Digital Egg Drop
Role: Conceptual Design, Strategy, Experience
Media: Digital, Print, UI
"Our booth sucks."
In the crowded conference space, a booth containing only a simple vinyl banner and a three-ring binder won't cut it. How do you compete on a budget when your neighbors are literally animatronic dinosaurs and VR flight experiences?
Through several ideation sessions, our team tossed around ideas to attract attendees: a mini trebuchet shooting gallery, sending postcards to museums, talkback walls.
We treated SketchUp like LEGO bricks, letting us quickly iterate booth ideas and layouts as we narrowed down a concept.
Ultimately we decided on an egg drop. This simple callback to an early science experience also helped reinforce the message behind the rebrand: Build, Test, Learn. Guests were able to build a drop case, test it, and learn from the outcome in the same way the museum builds exhibits, tests them with actual guests, and refines them before sending them out.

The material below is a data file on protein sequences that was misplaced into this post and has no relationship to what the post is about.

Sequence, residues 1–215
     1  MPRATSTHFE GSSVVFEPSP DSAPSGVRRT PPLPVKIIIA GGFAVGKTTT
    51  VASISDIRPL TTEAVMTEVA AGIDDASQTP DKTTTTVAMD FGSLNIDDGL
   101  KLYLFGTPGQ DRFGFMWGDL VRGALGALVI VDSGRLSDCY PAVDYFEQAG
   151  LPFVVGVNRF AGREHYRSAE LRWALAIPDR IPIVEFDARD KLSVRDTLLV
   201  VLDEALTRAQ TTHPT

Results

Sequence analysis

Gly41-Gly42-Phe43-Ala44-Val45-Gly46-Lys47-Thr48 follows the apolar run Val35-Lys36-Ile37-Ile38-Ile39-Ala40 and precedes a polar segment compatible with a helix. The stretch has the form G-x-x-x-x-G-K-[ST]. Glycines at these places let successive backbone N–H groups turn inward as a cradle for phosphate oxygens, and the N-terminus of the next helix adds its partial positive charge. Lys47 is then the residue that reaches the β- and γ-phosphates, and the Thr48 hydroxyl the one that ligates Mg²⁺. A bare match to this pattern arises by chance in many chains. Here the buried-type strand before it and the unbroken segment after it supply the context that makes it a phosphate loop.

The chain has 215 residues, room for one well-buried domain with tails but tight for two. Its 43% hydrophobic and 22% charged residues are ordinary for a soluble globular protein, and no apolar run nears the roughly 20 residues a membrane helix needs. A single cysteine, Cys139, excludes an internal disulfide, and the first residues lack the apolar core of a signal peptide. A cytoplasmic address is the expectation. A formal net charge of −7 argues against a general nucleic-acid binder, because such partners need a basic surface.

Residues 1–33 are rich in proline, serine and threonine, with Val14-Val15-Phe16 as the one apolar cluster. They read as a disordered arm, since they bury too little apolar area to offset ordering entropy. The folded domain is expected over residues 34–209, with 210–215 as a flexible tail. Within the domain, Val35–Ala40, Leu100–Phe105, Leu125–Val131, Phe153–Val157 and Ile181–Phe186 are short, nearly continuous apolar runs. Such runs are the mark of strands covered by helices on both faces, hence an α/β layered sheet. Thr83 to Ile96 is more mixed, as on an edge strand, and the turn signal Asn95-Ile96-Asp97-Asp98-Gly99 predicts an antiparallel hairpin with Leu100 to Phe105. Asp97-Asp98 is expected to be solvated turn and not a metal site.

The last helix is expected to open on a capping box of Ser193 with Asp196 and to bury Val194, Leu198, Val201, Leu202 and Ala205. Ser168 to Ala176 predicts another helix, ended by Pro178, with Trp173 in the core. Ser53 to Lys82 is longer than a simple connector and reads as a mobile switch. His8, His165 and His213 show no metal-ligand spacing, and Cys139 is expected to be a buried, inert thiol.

While an egg drop was a fun idea, we couldn't justify breaking hundreds of eggs. Decoy eggs wouldn't break correctly. Could we do it digitally?
Long story short: we hollowed out a wooden goose egg, stuffed its guts with tech, and turned it into a reusable egg drop without the mess.
Further iterations are planned with visual feedback via colored lights and different egg materials.
We also designed UI for our eggsperience. This gives the user immediate feedback and layers of information that would be impossible with a normal egg drop experience. The screen displays the g-force of the drop, its effect on the egg. The height vs. time graph allows multiple guests to compete while a daily statistics graph shows the successes and failures of the day. Lastly, we included connection status and battery alerts for those facilitating the experience.
Our egg experience was part of a larger rebrand effort to refresh our public image. Three-ring binders were shelved in favor of interactive iPad catalogs while the full compendium of exhibits was designed into a hardbound book. Our booth was split into two halves, one side for the egg experience, and one side for interaction with representatives. This split allowed us to present a consistent brand while swapping out the interactive half for a new experience each year.